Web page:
Analysts agree that mobile payment will become colossal in the coming years. The firm Gartner predicts that it will be worth US $721 billion globally by 2017. The recent launches of the iPhone 6, 6 Plus, the Apple Watch and the Apple Pay solution will no doubt further boost the outlook for mobile payment. However, the solution adopted by the Cupertino-based company is not the only one which currently exists for paying via phone. Although a wide range of commercial solutions is available, two main types of mobile payment can be identified: “card present” near-field transactions, involving interaction between the dematerialized payment card contained in the phone and a payment terminal, and transactions carried out directly from a mobile application. The source of the funds could then be a payment card registered by the user or else a bank account or prepaid account.

Proximity payment or mobile contactless payment

This is the most common payment method in industrialized countries and highly reliant on three factors for its development: NFC compatible smartphones, compatible payment terminals and a high level of user access to banking services. Japan has shown itself to be a pioneer in this field. Sony’s dominant Mobile FeliCa IC technology was rolled out there several years ago. This roll-out has taken longer in the United States and Europe. These markets are now mature, however, and everything is in place for contactless to take off, particularly since Apple is lending its considerable weight to promoting widespread use.

The iPhone 6 and 6 Plus will support the adoption of an in-house near-field payment solution called Apple Pay. Since this is compatible with standard contactless payment terminals, it should take off quickly since it also offers the advantage of being secured by the Touch ID biometric fingerprint reader.

Owners of iPhone 6/6 Plus can also use the Apple Watch, which allows contactless payments. This functionality takes contactless a step further, since customers will not even need to take their phone out of their pocket.

For a large number of players in the sector, the launch of a contactless service using a secure embedded element legitimizes the association of NFC technology with a secure physical element – a combination already adopted by Samsung. This is great news. Apple’s integration of a secure element in a cell phone shows the importance of the presence of a chip, a physical component in the handset, to establish a reliable payment system which users can trust.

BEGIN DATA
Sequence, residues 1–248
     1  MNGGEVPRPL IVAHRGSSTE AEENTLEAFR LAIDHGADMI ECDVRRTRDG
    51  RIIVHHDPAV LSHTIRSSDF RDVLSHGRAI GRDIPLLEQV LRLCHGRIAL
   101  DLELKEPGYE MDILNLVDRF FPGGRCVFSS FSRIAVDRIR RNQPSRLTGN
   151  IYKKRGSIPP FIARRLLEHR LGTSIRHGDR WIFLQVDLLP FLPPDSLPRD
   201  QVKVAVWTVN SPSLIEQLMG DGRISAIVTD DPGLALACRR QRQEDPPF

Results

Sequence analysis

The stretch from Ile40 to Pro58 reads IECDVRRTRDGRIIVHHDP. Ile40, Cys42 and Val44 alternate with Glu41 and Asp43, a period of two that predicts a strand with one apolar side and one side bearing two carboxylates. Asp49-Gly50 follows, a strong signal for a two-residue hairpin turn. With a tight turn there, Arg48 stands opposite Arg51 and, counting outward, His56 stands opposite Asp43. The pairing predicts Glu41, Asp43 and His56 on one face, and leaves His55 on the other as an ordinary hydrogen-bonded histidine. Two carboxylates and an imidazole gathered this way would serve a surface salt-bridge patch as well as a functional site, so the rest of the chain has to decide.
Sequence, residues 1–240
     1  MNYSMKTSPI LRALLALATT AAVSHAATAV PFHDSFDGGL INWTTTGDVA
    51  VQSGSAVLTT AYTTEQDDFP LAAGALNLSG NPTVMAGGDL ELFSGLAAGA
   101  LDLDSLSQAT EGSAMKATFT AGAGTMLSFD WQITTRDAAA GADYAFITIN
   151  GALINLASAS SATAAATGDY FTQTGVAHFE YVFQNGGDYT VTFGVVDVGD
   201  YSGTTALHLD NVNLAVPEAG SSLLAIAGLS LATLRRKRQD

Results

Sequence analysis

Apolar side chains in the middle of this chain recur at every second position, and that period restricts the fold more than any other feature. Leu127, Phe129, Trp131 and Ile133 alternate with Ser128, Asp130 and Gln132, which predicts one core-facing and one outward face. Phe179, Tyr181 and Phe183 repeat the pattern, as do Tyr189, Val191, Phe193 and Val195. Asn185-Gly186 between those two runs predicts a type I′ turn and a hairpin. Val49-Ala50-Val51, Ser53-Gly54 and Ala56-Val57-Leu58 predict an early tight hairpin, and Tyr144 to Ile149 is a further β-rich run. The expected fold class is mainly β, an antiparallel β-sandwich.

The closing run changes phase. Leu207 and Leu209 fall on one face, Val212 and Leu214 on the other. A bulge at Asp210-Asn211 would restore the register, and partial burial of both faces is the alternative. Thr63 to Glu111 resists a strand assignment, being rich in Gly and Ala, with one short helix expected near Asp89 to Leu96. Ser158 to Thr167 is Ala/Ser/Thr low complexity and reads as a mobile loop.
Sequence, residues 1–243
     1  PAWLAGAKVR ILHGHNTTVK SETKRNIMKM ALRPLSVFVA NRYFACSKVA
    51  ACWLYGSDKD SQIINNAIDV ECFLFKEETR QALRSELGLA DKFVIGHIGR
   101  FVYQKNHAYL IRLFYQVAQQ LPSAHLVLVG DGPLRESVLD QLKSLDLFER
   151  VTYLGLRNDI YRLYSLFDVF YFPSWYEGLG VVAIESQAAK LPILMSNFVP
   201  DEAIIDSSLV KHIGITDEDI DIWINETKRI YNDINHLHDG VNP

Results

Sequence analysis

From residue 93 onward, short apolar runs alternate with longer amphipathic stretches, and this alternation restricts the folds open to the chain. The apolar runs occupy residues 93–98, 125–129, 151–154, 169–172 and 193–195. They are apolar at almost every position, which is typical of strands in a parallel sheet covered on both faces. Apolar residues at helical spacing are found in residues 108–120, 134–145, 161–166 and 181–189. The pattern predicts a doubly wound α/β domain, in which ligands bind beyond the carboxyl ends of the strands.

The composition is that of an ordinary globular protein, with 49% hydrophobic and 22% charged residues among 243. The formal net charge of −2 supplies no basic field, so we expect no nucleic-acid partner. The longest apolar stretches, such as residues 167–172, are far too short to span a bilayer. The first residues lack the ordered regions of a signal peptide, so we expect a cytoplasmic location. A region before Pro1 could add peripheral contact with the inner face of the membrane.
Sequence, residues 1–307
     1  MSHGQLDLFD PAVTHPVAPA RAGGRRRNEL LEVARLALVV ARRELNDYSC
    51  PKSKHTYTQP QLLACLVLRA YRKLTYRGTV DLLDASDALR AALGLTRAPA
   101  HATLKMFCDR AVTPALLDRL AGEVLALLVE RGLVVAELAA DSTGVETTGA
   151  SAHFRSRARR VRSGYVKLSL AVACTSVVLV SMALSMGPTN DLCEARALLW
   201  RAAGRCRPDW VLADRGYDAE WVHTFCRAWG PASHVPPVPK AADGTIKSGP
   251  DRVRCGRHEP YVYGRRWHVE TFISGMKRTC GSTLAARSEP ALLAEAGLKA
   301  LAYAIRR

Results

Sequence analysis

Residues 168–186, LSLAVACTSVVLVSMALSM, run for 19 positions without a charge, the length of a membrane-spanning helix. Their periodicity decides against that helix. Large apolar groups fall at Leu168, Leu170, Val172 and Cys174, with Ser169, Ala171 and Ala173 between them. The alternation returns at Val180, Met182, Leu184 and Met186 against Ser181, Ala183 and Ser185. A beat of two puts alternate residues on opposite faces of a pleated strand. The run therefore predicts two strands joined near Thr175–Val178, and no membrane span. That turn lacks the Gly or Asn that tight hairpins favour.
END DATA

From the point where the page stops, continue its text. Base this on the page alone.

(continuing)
Now that the iPhone has joined the ranks of the dozens of existing NFC compatible smartphones, the movement is ready to take off. As a result of NFC services, mobile phones will become a preferred everyday means of payment just like bank cards, which are already familiarizing consumers with contactless technology. In many countries – including France – banks are adding contactless functionality automatically when bank cards are renewed.

And NFC technology is not alone in using cell phones for near-field payments and enhancing the customer experience. Other procedures such as two-dimensional barcodes (QR codes) and BLE (Bluetooth Low Energy) technology also allow greater in-store interaction using mobiles.

Internet giants ready to pounce

Regarding the net actors, Google’s financial power makes it a player to watch. Although its Wallet is struggling to take off, the internet search king has shown that it is prepared to invest heavily in this field. And it has a formidable weapon up its sleeve – the Android operating system, which is now installed on almost 80% of all smartphones distributed worldwide. By introducing the HCE (Host Card Emulation) protocol, allowing mobile contactless transactions to be carried out without the use of a physical Secure Element, Google has created new possibilities for payment services providers. Finally, Amazon and PayPal also have their own strengths, with tens of millions of active accounts.

Mobile money or dematerialized cash

In so-called emerging countries, where there is a low level of banking services penetration, another option exists for allowing payment via cell phones without these transactions needing to be linked to a bank account.

In these regions, cell phone operators offer e-money accounts linked directly to a telephone number. Agents are located throughout the country with responsibility for collecting cash and topping up electronic accounts, even in the most remote locations. These services allow mobile-to-mobile money transfers, bill payments, top-up of mobile phone credit, etc. The most popular offers include M-Pesa, Orange Money, Myanmar Mobile Money, CashWay and Tigo Cash.

This type of solution is also available in economies with high levels of access to bank account services, for example for prepaid card services, gift cards as well as restaurant vouchers.

OT – at the cutting edge of mobile financial services

An expert in embedded digital security in all formats (cards, mobile devices, wearables, etc.), OT provides security wherever mobility is transforming our lives (identity, payment, transport, Internet-of-Things, etc.). OT is the only player in the industry with expertise in all the mobile payment technologies currently available, whether using a Secure Element, a TEE or the Cloud, and whatever the protocol used for transactions (NFC, BLE, QR code, SMS, USSD, etc.). All around the world, OT is working with all ecosystem players (banks, payment schemes, MNOs, OEMs, transport operators, retailers, etc.) in the fields of NFC and mobile payment in general.